An aluminum-ion battery might not only provide repeated and super-fast -- as little as one minute -- charging but could eliminate the fire hazards associated with the lithium-ion batteries typically used in today's cellphones and other devices, according to researchers from Stanford University. Writing in this week's online edition of the journal Nature, the Stanford research team added that their technology is also flexible and inexpensive.
Aluminum has long been studied as a potential material for batteries because of its relatively low cost and high capacity for storing an electrical charge. However, the greatest drawback until now has been that most aluminum-ion battery designs lasted for only 100 or so charge-discharge cycles.
A standard lithium-ion battery, on the other hand, can support about 1,000 charges before it needs to be replaced. One big disadvantage of such batteries, however, is that they are flammable. In fact, both United and Delta have recently banned the bulk shipment of lithium-ion batteries on passenger planes because of the potential fire hazards.
7,500 Charge Cycles
By contrast, "Our new battery won't catch fire, even if you drill through it," said Hongjie Dai, a Stanford chemistry professor and one of the authors of the research report. He added that his team's aluminum-ion battery could also be a better replacement for today's alkaline batteries, which are bad for the environment.
The new battery design uses aluminum for the negatively charged anode and graphite -- which is basically carbon -- for the cathode, Dai said. The research team found a few different types of graphite that provided very good performance, he added.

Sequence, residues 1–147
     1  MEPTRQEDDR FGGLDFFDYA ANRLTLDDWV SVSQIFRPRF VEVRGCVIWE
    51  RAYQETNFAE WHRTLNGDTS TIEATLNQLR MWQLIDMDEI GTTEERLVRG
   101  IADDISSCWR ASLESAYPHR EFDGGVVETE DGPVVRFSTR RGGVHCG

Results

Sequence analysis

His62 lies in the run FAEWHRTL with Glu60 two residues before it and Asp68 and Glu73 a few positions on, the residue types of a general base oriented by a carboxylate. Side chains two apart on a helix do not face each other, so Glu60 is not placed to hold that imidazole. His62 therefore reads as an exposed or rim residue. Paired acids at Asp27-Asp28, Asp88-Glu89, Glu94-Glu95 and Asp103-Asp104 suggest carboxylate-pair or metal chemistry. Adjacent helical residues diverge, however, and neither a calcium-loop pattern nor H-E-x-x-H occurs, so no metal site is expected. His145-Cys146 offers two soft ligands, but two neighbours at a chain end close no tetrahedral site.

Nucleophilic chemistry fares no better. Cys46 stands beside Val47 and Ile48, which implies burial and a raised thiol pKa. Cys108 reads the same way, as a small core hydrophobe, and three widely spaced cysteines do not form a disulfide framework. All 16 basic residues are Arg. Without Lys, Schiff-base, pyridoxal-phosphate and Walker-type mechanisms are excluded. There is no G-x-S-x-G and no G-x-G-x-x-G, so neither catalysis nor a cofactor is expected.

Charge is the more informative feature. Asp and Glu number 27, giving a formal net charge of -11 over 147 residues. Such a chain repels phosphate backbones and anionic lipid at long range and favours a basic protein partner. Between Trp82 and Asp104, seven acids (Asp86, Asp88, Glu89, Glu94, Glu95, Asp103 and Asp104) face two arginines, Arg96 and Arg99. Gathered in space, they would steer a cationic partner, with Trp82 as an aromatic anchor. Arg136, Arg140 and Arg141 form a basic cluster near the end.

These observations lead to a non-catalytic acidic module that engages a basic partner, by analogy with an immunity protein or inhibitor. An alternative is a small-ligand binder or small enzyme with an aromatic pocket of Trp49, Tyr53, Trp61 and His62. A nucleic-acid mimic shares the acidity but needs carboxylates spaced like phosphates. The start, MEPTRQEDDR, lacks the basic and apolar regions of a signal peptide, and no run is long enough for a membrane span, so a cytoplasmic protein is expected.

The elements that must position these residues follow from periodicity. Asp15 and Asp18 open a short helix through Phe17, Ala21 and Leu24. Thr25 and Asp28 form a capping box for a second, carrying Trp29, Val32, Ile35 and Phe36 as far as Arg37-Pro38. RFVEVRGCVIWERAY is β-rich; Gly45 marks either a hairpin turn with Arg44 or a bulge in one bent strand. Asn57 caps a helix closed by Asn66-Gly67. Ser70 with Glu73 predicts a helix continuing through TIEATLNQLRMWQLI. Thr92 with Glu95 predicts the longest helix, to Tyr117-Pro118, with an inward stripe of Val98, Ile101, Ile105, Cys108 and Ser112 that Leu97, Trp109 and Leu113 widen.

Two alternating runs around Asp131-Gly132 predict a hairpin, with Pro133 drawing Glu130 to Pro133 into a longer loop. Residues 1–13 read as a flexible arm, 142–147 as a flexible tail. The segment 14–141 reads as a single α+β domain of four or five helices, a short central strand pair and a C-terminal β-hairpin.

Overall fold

The experimental battery was made by placing the anode and cathode, along with an ionic liquid electrolyte, into a flexible, polymer-coated pouch. That design could also enable other uses, according to Ming Gong, a Stanford graduate student who is a co-lead author of the study.
"You can bend it and fold it, so it has the potential for use in flexible electronic devices," Gong said.
In addition to being inexpensive and fast-charging, the team's aluminum-ion battery also has been able to far outlast previous designs, supporting more than 7,500 charge-discharge cycles without losing capacity.
'Praiseworthy' and 'Huge'
We reached out to Donald Sadoway, a professor of materials science and engineering at the Massachusetts Institute of Technology, to learn what he thought about the Stanford team's battery design. Sadoway is a leading researcher in environmentally friendly battery technologies and was named one of Time magazine's 100 most influential people in 2012.
"The work is praiseworthy for its focus on something other than lithium," Sadoway told us. "It's early stage and so the detractors will judge it harshly. I don't. They have shown that it is possible to cycle aluminum ions in a rechargeable battery. That's huge."
Sadoway added that the Stanford research is focused on batteries for portable power, while his own work on liquid metal batteries concentrates on better technologies for stationary energy storage. The technology is very different, but also complementary, he said.
Posted: 2015-06-01 @ 8:27am PT
Isn't this exactly how supercaps are made? What is the difference?
Posted: 2015-05-28 @ 10:35am PT
I want to buy stock in this company.
Posted: 2015-04-10 @ 3:20am PT
If this product were able to replace batteries in existing products, the makers stand to make a fortune and the world would be a better place.
Posted: 2015-04-07 @ 4:36pm PT
Excellent news on batteries. The reason: who ever has the best battery will rule the world